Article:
Think about that, next time you contemplate a pigeon.

But then again, perhaps you already have…

Painting by William Holman Hunt

Please visit us at https://thebackyardprovider.com/
and follow me on steemit at https://steemit.com/@huntbook

Michael Patrick McCarty

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Low Moisture Aged Cheese – Hard Food For The Hard Times Ahead

By Survival Dan 101

Loyal readers of this blog are likely well versed on the importance of food preservation and storage. Many of you have been practicing preparedness for some time and perhaps you are equally skilled in the art of water bath and pressure canning, dehydrating and meat curing. If you’re adventurous, you may even have experience making cheese. However, I suspect that most readers have not ventured far into cheese making and, those who have taken the plunge, have likely experimented with softer/fresh cheeses such as mozzarella, chèvre, ricotta and perhaps even camembert. Indeed, these are the cheese varieties that most aspiring cheese makers begin with.

Those are all fine cheeses that are not difficult to make. They each have a very high moisture content of 50% or more which lends to the soft, creamy texture that so many love. However, since moisture is a requirement for the hospitable environment to support listeria monocytogenes, salmonella, e. coli and other pathogenic growth that you do not want to battle with limited medical assistance, such as in a TEOTWAWKI scenario, I would like to inspire you to make more shelf stable and far safer food in the form of aged cheeses…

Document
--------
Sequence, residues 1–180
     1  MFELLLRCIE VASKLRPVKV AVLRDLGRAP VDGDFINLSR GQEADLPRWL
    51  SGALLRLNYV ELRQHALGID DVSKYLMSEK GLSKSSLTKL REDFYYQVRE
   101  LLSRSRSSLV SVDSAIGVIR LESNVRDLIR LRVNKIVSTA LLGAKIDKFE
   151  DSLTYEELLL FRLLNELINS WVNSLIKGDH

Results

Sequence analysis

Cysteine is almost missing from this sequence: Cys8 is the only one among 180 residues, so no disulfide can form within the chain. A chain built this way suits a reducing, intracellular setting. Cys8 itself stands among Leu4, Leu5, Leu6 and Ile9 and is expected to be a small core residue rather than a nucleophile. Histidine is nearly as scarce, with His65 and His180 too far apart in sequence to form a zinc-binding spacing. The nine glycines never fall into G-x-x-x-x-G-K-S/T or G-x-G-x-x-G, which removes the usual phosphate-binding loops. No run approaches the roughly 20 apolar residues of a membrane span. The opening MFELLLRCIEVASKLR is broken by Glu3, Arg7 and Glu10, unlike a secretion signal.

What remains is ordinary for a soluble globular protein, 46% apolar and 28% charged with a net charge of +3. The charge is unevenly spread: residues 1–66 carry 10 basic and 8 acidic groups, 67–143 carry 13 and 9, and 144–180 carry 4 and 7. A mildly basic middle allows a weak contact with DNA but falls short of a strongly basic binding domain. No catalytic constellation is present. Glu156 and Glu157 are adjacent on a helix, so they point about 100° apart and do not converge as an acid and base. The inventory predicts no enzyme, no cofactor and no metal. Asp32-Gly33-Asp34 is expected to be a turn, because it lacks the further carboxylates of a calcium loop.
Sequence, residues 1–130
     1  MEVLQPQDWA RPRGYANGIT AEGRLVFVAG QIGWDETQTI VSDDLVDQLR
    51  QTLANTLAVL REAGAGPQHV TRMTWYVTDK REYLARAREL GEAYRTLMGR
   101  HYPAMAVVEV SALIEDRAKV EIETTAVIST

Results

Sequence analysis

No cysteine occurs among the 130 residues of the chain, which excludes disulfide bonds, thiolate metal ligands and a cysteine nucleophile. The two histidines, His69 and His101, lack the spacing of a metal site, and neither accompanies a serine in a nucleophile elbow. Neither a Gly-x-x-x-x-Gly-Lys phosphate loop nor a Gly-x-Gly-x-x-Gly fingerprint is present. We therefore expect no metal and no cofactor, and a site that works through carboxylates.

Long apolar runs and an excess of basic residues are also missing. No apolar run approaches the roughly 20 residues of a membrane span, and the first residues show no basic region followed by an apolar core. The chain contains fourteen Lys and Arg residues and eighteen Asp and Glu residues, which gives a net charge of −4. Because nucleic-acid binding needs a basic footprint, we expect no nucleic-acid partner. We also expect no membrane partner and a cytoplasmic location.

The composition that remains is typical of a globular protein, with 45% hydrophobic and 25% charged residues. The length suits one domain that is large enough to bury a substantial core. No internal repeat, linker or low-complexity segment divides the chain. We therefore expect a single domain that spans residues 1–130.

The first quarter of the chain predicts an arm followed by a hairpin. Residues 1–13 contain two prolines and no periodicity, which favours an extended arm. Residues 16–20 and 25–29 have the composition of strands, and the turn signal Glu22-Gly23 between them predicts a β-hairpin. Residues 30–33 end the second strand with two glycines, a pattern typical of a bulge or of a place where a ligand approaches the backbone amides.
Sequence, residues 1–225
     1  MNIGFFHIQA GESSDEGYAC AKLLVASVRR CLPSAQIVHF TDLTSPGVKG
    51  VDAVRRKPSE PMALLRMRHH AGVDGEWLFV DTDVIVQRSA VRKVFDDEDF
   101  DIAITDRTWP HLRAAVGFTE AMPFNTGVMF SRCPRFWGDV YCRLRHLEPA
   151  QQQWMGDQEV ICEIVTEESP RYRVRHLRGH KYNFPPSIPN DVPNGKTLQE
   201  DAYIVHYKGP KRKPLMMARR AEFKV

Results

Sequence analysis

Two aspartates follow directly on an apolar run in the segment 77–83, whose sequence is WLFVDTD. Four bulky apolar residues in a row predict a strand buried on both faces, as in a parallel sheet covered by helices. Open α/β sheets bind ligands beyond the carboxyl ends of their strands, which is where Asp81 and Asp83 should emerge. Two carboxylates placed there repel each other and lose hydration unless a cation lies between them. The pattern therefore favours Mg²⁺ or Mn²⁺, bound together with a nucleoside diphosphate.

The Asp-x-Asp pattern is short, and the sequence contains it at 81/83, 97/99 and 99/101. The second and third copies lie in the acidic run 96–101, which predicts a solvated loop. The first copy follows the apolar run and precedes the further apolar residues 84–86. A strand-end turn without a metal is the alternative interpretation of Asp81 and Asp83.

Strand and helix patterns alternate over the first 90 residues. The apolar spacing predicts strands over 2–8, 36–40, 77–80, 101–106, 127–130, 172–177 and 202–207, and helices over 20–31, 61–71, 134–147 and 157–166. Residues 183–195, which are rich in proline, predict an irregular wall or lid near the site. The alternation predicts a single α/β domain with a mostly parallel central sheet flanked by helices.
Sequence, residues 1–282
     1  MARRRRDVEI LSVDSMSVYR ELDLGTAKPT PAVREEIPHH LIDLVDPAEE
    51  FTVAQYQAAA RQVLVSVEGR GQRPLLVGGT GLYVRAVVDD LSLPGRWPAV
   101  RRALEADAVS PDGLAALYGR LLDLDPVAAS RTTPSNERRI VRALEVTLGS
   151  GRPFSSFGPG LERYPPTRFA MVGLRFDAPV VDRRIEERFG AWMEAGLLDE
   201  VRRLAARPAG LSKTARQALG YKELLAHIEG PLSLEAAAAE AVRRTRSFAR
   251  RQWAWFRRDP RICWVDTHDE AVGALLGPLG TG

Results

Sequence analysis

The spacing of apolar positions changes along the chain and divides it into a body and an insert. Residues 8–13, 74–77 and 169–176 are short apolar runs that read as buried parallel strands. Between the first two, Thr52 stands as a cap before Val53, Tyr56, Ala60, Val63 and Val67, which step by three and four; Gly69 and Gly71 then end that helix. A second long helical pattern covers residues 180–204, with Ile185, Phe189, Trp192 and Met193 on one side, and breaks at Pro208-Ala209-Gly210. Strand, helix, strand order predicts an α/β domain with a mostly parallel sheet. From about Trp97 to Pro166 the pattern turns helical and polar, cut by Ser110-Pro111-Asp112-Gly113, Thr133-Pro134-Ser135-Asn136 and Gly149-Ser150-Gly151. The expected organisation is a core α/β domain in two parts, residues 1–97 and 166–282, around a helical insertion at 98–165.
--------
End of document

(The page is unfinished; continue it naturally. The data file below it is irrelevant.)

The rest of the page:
For More, See the Full, Original Article Here

Reposted, thankfully, and with permissions, by Michael Patrick McCarty

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The Gelded Rooster, Or The Saga of The Backyard Chicken, Continued…

The City Council of Glenwood Springs, Colorado, in their beneficent and all-knowing considerations, have formally and unanimously agreed to approve an ordinance that will allow town residents to keep backyard chickens. Well almost, because after a year and more of deliberations on this most troublesome bird, the final verdict will come down after a second reading at yet another council meeting later this month.

Who knew that chicken keeping was so complicated? Obviously not the keepers of the birds, who in some cases have done so for many years, without issue or complaint. One would not normally consider it an issue of front page news, nor see it so hotly debated. The times they are a changing, I suppose.

The law would allow for the possession of up to 6 hens for the production of eggs and meat, and would be allowed only on single family lots of a certain minimum size, in the older part of town. Chickens would not be allowed in most subdivisions, because they generally already have rules in place prohibiting the admission of livestock. Roosters would not be allowed in any part of the city.

Still, a year plus more seems like a long time to fully “vet” the full concerns and side issues of such a proposition. After all, how long does it take for the planning and zoning commission to make its recommendation, or to document the concerns of Colorado Parks And Wildlife regarding the impacts of urban chickens?